He added that the mask is an “additional level of protection” and that he wears it in “appropriate conditions” when next to other people with unknown vaccination statuses.

When it comes to deciding on camouflage in a public place where it is no longer required, it “depends on your personal circumstances and preferences” such as the state of your health, according to Marcus.

“Immunocompromised people, high-risk groups – such as the elderly – or those in areas of higher transmission are encouraged to continue wearing the mask while COVID is still spreading in society.”

He advises the public to assess their own health and “risk tolerance” and to monitor the local spread of COVID-19 when going out in public, when it comes to masks.

The future of COVID-19 and camouflage

“I believe we will become a society in masks,” Benjamin told McClatchy News, adding that “seeing someone wearing a mask in other parts of the world is a normal behavior,” for example, in some parts of Asia.

Benjamin went on to say that it doesn’t mean people will wear masks all the time, for example, on the street, but that it “makes sense” to do it inside when next to people you don’t know in public.

D’Souza told McClatchy News that “in many conditions in the coming weeks the risk will be low enough for people to consider staying inside without a mask.”

“If the number of COVID-19 cases continues to decline, the risk of transmission will be low enough in many places that people may actually consider it this spring.”

The professor said she views next month or so as a “transitional” phase.

“I still wear our mask when I go inside, even when the mandates are revoked, because the rates, although they are decreasing, are still not low.”

She added that is why the CDC has not yet changed its recommendations for wearing a mask.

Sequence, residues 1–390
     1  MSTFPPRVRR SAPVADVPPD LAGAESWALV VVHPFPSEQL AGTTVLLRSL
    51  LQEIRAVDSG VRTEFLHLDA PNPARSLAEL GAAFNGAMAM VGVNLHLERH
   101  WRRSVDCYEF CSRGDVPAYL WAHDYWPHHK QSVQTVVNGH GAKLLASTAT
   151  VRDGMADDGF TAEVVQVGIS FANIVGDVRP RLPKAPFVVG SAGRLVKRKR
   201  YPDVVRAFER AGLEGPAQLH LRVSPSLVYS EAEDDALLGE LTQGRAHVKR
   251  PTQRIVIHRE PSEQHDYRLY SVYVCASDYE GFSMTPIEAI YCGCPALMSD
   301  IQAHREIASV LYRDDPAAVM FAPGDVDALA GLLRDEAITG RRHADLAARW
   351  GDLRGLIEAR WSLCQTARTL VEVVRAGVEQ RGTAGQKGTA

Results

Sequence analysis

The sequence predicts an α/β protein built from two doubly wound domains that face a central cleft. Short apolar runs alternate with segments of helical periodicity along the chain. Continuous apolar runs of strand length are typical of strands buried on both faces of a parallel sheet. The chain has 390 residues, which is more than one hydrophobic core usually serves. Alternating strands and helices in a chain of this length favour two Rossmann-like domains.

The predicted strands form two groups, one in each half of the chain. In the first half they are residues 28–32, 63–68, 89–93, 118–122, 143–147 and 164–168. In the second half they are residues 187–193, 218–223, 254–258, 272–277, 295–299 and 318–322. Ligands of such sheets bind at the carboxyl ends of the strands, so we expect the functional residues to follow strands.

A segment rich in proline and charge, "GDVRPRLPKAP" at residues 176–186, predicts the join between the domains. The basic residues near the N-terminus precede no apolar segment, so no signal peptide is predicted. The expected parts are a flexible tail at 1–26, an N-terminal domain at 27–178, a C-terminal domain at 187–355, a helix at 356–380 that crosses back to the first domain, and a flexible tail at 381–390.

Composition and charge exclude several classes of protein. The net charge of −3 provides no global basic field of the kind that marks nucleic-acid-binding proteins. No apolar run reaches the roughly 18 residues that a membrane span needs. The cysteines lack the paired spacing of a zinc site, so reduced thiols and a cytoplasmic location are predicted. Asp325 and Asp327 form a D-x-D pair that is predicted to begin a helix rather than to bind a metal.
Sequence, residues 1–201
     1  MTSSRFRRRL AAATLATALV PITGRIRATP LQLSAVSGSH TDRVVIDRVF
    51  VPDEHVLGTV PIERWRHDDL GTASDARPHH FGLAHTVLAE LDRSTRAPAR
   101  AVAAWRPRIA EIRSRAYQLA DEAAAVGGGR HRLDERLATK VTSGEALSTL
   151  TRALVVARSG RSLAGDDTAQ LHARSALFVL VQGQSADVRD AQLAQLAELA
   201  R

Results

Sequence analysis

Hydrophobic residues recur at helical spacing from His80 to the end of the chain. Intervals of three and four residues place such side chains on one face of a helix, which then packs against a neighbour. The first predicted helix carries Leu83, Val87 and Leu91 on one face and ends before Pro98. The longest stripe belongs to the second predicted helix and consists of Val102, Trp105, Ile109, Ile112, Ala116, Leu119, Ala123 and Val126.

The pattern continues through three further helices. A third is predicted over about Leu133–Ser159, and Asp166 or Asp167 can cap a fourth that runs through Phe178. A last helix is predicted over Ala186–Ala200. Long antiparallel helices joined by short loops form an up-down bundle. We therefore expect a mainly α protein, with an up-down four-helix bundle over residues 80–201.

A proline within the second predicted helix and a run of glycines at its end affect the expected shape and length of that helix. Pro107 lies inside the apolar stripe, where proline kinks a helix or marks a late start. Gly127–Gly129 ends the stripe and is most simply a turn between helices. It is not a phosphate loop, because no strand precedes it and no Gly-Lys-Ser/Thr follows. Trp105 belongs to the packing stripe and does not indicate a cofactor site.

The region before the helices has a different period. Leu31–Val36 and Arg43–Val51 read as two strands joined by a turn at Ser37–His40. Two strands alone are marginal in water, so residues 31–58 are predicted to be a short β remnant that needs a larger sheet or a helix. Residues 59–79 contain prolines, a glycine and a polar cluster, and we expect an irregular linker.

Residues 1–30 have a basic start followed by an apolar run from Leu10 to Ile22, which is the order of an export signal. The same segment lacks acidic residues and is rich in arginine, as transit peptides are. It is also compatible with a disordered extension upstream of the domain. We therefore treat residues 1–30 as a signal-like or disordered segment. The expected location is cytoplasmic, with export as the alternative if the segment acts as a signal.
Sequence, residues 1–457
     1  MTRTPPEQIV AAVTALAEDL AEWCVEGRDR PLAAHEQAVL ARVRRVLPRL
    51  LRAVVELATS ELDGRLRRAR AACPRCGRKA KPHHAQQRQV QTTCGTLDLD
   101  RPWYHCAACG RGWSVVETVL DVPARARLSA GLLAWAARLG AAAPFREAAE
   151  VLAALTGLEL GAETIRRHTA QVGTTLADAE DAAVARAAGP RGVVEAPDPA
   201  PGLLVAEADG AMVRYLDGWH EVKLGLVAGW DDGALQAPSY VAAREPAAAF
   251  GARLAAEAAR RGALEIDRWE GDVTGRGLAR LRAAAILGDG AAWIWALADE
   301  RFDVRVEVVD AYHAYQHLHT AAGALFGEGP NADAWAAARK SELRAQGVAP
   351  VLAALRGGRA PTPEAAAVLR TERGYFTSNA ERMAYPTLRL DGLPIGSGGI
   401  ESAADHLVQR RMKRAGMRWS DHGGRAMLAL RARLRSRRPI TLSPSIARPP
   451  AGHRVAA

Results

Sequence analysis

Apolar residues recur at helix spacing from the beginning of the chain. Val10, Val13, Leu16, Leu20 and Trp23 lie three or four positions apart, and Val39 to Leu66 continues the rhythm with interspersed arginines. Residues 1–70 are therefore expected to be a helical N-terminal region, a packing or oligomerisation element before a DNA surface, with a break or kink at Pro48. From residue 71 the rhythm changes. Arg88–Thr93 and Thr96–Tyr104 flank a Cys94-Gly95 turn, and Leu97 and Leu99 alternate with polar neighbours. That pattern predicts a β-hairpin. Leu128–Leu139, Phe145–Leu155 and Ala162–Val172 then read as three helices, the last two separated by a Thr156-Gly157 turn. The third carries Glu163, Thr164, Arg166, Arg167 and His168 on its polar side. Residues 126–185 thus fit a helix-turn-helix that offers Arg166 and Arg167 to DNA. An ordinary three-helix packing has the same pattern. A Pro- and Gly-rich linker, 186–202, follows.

However, she acknowledged that COVID-19 is changing consistently, and the advice given by health experts, “one week can really be different in a few weeks if the figures are different”.

She also said that experts expect the virus to continue to mutate with the possibility of additional strains, but “this always happens with infectious diseases.”

However, according to D’Souza, there are many reasons for optimism.

For those who are “more cautious,” the professor said, “the vision of removing some of these mask mandates can be alarming to people, and so they can always continue to wear the N95 mask to protect themselves when entering public places where other people can there is no camouflage. “

D’Souza said she believes that “in schools and elsewhere we can really think in the coming weeks and months of lifting some of these restrictions” depending on the local number of COVID-19 cases.

“But there is great hope that we will be able to do it safely in the coming weeks.”

Julia Marnin is a McClatchy National Real-Time reporter covering the South and Northeast in New York City. She is a graduate of New Jersey College and joined McClach in 2021. She has previously written for Newsweek, Modern Luxury, Gannett and others.